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Ortiz-Quinones v. Christiana Care Health Services, Inc.

Superior Court of Delaware

March 8, 2018

CHRISTIANA CARE HEALTH SERVICES, INC., a Delaware Corporation, Defendant.

          Submitted: December 8, 2017


          Manuela Ortiz-Quinones, pro se

          Stephen J. Milewski, Esquire



         Defendant Christiana Care Health Services' Motion for Summary Judgment: Granted

         1. This medical negligence case arose after Plaintiff allegedly was injured in a fall following a procedure at Christiana Hospital. After the Court granted Plaintiffs counsel's motion to withdraw, Plaintiff proceeded pro se. Despite two continuances, Plaintiff has failed to identify and disclose the opinion of an expert who will testify for Plaintiff regarding Defendant's alleged deviation from the standard of care and a causal connection between the alleged breach of the standard of care and Plaintiffs injury. Defendant filed a motion for summary judgment after five years of litigation. I find that Defendant is entitled to judgment as a matter of law because Plaintiff has failed to support an essential element of her medical negligence claim.


         2. In May 2012, Manuela Ortiz-Quinones ("Plaintiff) was admitted to Christiana Hospital for a laparoscopic cholecystectomy. Plaintiff was administered morphine and attached to an I.V. Plaintiff then was left unattended without a call bell. Plaintiff alleges that she fell and injured her shoulder while attempting to use the restroom unassisted. On October 16, 2013, Plaintiff filed a medical negligence claim against Christiana Care Health Services ("Defendant") for allegedly failing to exercise the degree of care expected of a reasonably competent health-care provider.[1]

         3. Plaintiffs efforts to bring her case to trial faced a series of obstacles. After more than three years of litigation, Plaintiffs counsel ("Counsel"), who originally agreed to litigate the case on a contingency basis, came to believe the merits of Plaintiff s case did not support continued investment, particularly in light of Plaintiffs inconsistent testimony during her deposition. In a letter dated January 13, 2017, Counsel explained that Defendant was not willing to make an offer to settle Plaintiffs claim. Due to the rising cost of litigation, Counsel requested that Plaintiff front the $15, 000 cost of proceeding to trial.[2] Plaintiff objected, arguing Counsel promised to advance the cost of the lawsuit. Counsel then moved to withdraw, stating Counsel and Plaintiff disagreed about the merits of the litigation and how to proceed. On March 20, 2017, the Court granted Counsel's motion and allowed Plaintiff 60 days to find new counsel. The Court's order was explained to Plaintiff through a certified interpreter.

         4. On March 23, 2017, Plaintiff filed a letter with the Court explaining she was having difficulty finding new counsel and asking the Court to decide Plaintiffs "best interest."[3] On April 5, 2017, the Court responded, advising Plaintiff that the Court could not decide what was in Plaintiffs best interest. The letter explained that the Court would schedule a conference to set a new trial date and new pre-trial deadlines. The Court held a scheduling conference on July 20, 2017, and set a trial date for May 14, 2018. A certified court interpreter was present to interpret the scheduling conference for Plaintiff.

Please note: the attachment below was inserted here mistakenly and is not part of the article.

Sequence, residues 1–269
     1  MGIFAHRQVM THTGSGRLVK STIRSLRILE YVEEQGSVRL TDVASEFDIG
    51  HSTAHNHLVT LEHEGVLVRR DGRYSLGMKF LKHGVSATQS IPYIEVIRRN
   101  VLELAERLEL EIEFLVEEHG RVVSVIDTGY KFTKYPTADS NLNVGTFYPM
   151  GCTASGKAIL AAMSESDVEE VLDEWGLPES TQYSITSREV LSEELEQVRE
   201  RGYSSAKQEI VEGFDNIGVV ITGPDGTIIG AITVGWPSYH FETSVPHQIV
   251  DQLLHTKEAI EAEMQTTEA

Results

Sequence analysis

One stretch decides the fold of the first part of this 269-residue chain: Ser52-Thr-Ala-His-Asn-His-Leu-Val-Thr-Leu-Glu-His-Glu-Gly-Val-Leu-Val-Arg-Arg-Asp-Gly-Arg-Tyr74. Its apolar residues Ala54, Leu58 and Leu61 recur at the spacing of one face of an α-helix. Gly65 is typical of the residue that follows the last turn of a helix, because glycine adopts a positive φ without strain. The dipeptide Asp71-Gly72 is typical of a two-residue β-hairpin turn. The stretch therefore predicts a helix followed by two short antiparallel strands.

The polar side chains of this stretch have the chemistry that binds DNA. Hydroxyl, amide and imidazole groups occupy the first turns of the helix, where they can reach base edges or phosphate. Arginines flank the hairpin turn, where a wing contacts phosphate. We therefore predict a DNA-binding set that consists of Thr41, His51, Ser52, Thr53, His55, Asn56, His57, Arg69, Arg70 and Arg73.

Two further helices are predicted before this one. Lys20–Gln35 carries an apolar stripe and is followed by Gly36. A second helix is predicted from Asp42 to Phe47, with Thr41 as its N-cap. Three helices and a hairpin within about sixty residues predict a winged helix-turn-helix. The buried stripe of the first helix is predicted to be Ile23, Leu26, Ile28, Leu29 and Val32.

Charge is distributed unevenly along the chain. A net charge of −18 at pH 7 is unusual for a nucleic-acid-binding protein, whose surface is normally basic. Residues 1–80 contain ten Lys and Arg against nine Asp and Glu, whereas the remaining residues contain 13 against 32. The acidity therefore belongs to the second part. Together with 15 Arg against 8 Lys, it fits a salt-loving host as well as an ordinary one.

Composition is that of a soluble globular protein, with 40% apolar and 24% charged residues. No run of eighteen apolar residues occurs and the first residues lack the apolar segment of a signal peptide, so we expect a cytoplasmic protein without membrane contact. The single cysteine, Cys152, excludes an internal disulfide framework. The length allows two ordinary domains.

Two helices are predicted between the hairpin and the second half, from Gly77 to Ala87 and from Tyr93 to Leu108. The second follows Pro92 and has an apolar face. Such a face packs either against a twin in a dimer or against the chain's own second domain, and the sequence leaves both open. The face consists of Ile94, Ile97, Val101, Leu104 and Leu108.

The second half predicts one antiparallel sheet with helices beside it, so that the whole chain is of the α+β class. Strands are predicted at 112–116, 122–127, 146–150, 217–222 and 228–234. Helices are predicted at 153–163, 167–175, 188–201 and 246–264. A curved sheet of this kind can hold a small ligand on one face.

5. On August 29, 2017, Plaintiff filed two letters with the Court. The first requested the Court's assistance in finding new counsel. The second of the two August letters described Plaintiffs difficulty in obtaining representation for her case. In this letter, Plaintiff stated other attorneys would not take her case because Counsel "had [the case] too long."[4] Plaintiff pleaded for the Court to "not close [her] case."[5] The Court responded to Plaintiff by letter on September 8, 2017. In response to Plaintiffs concern that the Court would "close the case, " the Court reminded Plaintiff of the importance of complying with all deadlines regarding discovery and experts as the Court advised during the July scheduling conference. The Court warned that failure to do so could result in Defendant moving for judgment in its favor. Further, the Court reminded Plaintiff that expert testimony was necessary to prove her case to the jury, and that she must provide expert reports or disclosures to the Defendant by the October 2, 2017, deadline.

         6. On October 5, 2017, Plaintiff sent a fourth letter to the Court describing her inability to understand the Court's communications. Additionally, Plaintiff described her failure to secure representation and her attempts to comply with the deadlines by submitting records of the surgeries and medical treatment she underwent after her fall on May 12, 2012.

         7. On October 13, 2017, Defendant filed a motion for summary judgment (the "Motion") due to Plaintiffs failure to submit expert reports or disclosures by the scheduled deadline. On October 16, 2017, the Court sent a letter to the parties scheduling oral argument on the Motion for December 8, 2017. The letter acknowledged Plaintiffs frustrations expressed in her October 5th ...

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